27 October 2014

Car Stuff: Fantasy Garage #13

I was looking back over the cars I've selected for my Fantasy Garage so far, mainly because I'd reached the end of the 1960s and I was feeling like I might have overlooked something. Of course I can always circle back, but my compulsive nature makes me do things like this.

One omission that became obvious right away is the lack of any station wagons. This is interesting because I've always liked wagons and have a couple in mind for later installments. Last year I wrote about my appreciation for a 1960 Chrysler Town & Country, which led to the first car in my Fantasy Garage, the 1960 Chrysler 300F convertible. There must be other wagons from the '60s that I'd want to include, right?
1964 Plymouth Valiant wagon (Old Car Brochures)
Sure, and I especially like smaller station wagons, from that period in roughly the first half of the '60s when carmakers were offering a range of models in different sizes, trying to have something in their lineups for everyone. Chevrolet had the Chevy II/Nova; Chrysler had the Dodge Dart and Plymouth Valiant; and Ford had the Falcon and Mercury Comet.
1965 Dodge Dart 270 wagon (Love to Accelerate)
The small wagons didn't last, though. The Chevy II/Nova was gone after 1967, the Valiant/Dart after '66. The Comet moved up to become Mercury's midsize model in '66, and the Falcon wagon from that year on was just a variant of the midsize Fairlane wagon with a Falcon front clip, so it could no longer be considered a compact. (It is interesting that the car companies returned to smaller wagons in the '70s, but I think I'll discuss those another time.)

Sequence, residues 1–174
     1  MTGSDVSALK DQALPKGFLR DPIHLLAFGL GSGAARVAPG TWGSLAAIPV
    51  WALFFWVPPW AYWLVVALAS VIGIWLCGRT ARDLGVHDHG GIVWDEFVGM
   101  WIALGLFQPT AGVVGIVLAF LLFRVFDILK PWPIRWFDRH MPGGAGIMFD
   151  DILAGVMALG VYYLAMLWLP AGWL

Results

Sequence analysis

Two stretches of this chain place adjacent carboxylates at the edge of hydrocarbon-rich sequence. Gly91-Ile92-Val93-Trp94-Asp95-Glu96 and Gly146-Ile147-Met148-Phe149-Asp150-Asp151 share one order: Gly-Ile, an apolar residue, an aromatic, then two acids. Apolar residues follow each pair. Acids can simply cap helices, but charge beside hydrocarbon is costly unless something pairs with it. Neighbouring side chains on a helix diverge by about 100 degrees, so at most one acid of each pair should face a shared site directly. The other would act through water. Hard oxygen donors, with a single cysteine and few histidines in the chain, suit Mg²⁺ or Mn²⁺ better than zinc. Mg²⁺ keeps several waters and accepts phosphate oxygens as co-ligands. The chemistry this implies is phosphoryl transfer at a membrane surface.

1965 Ford Falcon Futura wagon (Old Car Brochures)
That leaves the period from 1960-65 when all three compact models were available as wagons. But of course, this is where things get a little tricky. In 1960 Chevrolet's compact wagon was the rear-engined Corvair, but I never thought it was all that attractive. The 1960-62 Plymouth Valiant was a curious beast, somewhere between compact and midsize, and hobbled with peculiar styling. There was a Dodge variant for '61 and '62 only called the Lancer, with a slightly better-looking front end. (When I was a very young child, around four or five, we had a next-door neighbor who had a Lancer wagon.)
1962 Oldsmobile F-85 wagons (Love to Accelerate)
The Dart was also an oddball, the lower-priced and less attractive of Dodge's two full-size car lines. It wasn't until '63 that the Valiant and Dart became platform mates and true compacts. Meanwhile, for 1962 Chevrolet introduced the Chevy II as a more mainstream alternative to the Corvair. The Falcon and Comet got a restyle for '64-65 that improved their looks considerably. So those are my semifinalists, along with a couple of GM's other compacts, the 1961-62 Pontiac Tempest and Oldsmobile F-85. (Those got enlarged for '63 and, in my opinion, were made less attractive in the process.)
1961 Pontiac Tempest wagon (History of Cars)
These cars, with six-cylinder engines, offered the best combination of economy and utility available at the time. Anecdotally, I've heard that Falcons and, to a lesser extent, Valiants and Darts have become the preferred transportation of hipsters in certain cities, so that lowers the likelihood that I would choose one of them, though the renowned durability of Chrysler's Slant Six engine might nudge those cars back into contention.
A 1963 Chevy II wagon in a season four episode of Mad Men
Really, any of these wagons would be a fun addition to the FG, but for me I guess it ends up in a three-way tie between the various GM models. I'll stipulate that if I chose a Nova, it would be a 1965, only because I prefer some of the small details like the grille and tail lights.

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